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Research Horizon: when nanomaterials write our future

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Research horizon : when the nanomaterials write our future...

nanomaterials experience

In the "materials" family, I'd like the "nanos". Nanomaterials have made a spectacular breakthrough into the public square since the beginning of this century. In the United States, according to the "Emerging Nanotechnologies Project"1, more than five hundred everyday objects contain them: food packaging, cleaning products, computers and hard drives, phones, paints and varnishes, cosmetics, toys, cars, etc. This is the logical follow on of a long history. Because in fact people have been using them since ancient times – without knowing it – in their inks and dyes.

(1) http://www.nanotechproject.org/index.php?id=44&action=introNouvelle fenêtre

When nanomaterials write our future

What is a nanomaterial?

A nanomaterial is a material composed of "particles" measuring between 1 and 100 nanometres (1 nanometre or nm = one billionth of a metre, 10-9 m). These "nano-objects" can have different shapes (spheres, tetrahedral, fibres, tubes, thin layers...) have particular physico-chemical properties specific to these incredibly small dimensions. Small size is an advantage, but can also be a problem, because nanometric objects can penetrate and fix to organs of the human body more easily than bigger particles. They are more chemically reactive, and could cause inflammations and toxic effects in the short or long term, like asbestos fibres, which have caused many cancers of the pleura. Toxicology studies need to be done on a case-by-case basis to eliminate these risks.

Two production methods

How are such small materials manufactured? There are two methods (see the explanation below). The first, called "top down", is taken from microelectronics. This consists of miniaturizing material as much as possible using different physical or mechanical methods. The second, "bottom up" method, tries to build nanometric structures in a controlled way by assembling atoms into aggregates of molecules. This article illustrates the second method, with three examples of research carried out in the UMPC.

This is more modern and inventive than the conventional method, and is closer to what happens in living matter (a protein is a controlled assembly of amino acids, which are themselves composed of atoms of carbon, nitrogen, oxygen and hydrogen), and also in natural minerals. Opal, for example, gets its colours and pearly aspect from light diffracted by perfectly ordered silicon beads.
The combination of this "bottom-up" method with the microelectronic "top-down" method will no doubt produced the nano-objects of the future.

Top-down method
Massive material
Bottom-up method
Mechanical synthesis, consolidation
and densification, strong technique,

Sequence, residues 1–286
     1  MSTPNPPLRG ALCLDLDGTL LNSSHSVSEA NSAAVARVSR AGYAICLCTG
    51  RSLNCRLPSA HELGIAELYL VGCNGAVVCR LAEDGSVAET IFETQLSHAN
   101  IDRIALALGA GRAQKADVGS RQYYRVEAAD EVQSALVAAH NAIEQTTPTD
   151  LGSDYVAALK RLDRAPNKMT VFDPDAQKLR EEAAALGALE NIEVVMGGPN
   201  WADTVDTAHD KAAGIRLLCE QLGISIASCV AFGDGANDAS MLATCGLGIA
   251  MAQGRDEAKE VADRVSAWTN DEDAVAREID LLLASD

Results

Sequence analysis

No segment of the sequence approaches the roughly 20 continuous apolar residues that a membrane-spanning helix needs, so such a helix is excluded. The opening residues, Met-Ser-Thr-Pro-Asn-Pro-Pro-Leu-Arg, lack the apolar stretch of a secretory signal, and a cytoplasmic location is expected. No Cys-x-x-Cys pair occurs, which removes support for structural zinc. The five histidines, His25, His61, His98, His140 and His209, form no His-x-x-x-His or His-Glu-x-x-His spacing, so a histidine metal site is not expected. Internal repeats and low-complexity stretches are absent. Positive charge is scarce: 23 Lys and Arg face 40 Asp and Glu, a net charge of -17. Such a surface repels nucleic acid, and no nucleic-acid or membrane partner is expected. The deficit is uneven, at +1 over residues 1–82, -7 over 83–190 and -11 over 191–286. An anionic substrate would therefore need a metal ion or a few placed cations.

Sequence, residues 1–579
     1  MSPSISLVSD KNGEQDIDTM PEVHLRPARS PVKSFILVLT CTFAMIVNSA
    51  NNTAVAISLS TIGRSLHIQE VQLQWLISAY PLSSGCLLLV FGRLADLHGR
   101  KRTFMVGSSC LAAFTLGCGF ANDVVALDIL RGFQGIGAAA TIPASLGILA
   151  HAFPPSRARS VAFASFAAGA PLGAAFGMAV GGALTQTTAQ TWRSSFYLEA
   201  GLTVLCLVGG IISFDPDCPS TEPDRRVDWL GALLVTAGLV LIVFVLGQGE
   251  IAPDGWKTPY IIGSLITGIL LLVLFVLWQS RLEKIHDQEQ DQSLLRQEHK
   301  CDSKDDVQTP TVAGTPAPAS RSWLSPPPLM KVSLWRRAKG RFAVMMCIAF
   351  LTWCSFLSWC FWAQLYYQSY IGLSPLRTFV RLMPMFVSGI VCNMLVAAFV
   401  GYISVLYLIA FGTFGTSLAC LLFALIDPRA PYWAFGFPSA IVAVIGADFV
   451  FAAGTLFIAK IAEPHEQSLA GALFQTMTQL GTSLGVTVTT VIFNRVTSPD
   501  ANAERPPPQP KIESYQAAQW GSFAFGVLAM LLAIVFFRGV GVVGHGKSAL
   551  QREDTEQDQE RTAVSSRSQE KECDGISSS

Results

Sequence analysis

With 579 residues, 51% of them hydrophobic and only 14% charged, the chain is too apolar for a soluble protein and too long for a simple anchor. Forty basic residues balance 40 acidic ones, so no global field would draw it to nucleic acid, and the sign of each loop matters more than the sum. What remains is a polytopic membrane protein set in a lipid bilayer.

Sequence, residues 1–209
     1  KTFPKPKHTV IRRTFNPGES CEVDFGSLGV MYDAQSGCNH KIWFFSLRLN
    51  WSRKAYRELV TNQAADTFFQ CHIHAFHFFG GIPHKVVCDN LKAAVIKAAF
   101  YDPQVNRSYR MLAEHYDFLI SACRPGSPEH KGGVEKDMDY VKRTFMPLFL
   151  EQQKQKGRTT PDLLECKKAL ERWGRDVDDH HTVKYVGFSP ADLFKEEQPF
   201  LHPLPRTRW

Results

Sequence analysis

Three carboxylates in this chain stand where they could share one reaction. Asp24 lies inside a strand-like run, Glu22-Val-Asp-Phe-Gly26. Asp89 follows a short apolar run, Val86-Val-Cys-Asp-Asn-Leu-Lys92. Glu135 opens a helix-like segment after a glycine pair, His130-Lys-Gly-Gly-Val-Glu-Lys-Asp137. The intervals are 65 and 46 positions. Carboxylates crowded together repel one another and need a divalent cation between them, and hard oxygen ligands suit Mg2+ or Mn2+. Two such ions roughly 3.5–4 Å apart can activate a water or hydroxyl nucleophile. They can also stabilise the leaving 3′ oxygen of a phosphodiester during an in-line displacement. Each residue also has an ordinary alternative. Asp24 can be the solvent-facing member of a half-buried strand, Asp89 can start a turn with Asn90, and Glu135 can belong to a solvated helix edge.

Laser pyrolysis,
thermal plasma, sol-gel technique,
Vapour phase reactions (CVD)

Bio-inspired nanomaterials

Bones, seashells, spider web silk, insect and crustacean carapaces, diatom shells... nature is full of examples of delicately worked material that is beautiful and very resistant. For decades now, scientists have been taking inspiration from them to create new materials. Kevlar, the most solid man-made fibre, was based on spider silk. Today, bio-inspired materials are also moving into the "nano" age.

Multi-purpose coatings

In particular, materials that make up new coatings are riding the crest of the wave. These surfaces are based on nanolayers, and are particularly resistant to abrasion and to chemical aggression. They can be multifunctional, with, for example, self-cleaning or optical (colour, antireflection, UV absorption, etc.) properties. Water plants of the lotus family (Nelumbo nucifera), whose leaves remain dry and clean thanks to their surface covered with bumps and dips ("lotus effect"), inspired "superhydrophobic" plastic materials that are waterproof and self-cleaning, and that will be marketed before long.
Illustration of the "lotus effect". On the left (a), a drop of water slides on the hydrophobic surface of a lotus leaf, carrying dirt with it. On the right (b), graphic reconstitution of the surface.

Source: a) Nees Institut und Botanischer Garten, Bonn Universität
http://www.lotus-effekt.de/en/lotus_effect_html.htmlNouvelle fenêtre
b) William Thielicke, Wikipedia

Sol-Gel chemistry

This nano-layer revolution is based on a new chemistry, called Sol-Gel, which became widespread in the 1980s, encouraged by Jacques Livage at the UMPC. Unlike conventional processes for producing materials, by processing mineral ores or petrol derivatives at high temperatures, this "soft" chemistry can combine organic and inorganic molecules at low temperatures, as in nature, to build structures with predefined properties.

Multi-purpose chemistry

"Today, the potential of this chemistry seems almost limitless", says an enthusiastic Clément Sanchez, head of the UMPC's Condensed Matter Chemistry laboratory in Paris (LCMCP). In theory, it becomes possible to associate all sorts of organic and inorganic molecules. These materials, whose structure can be analysed by nuclear magnetic resonance (NMR), could be used to design many hi-tech products, apart from the coatings already mentioned,  such as nanosensors, catalysts, nanofilters, microelectronic components, optics, energetics, vectors for carrying therapeutic drugs, medical imaging agents, etc.

The secrets of natural nanocomposites

But the real challenge will be to "tailor" new materials with properties and architectures comparable to diatom shells or mother-of-pearl. Mother-of-pearl is a composite material formed by a succession of calcium carbonate and protein layers. Its synthesis is controlled by proteins that interact chemically with the carbonate. Some of the active principles (proteins and oligoelements) are used in cosmetics, and an artificial nano-mother-of-pearl could become a perfect biomaterial for orthopaedic surgery or designing artificial body parts. However, in order to imitate these natural syntheses, scientists would have to control the interaction between proteins and minerals in time and space. For the moment, they are far from this goal. But this nanobiochemistry certainly has a very bright future...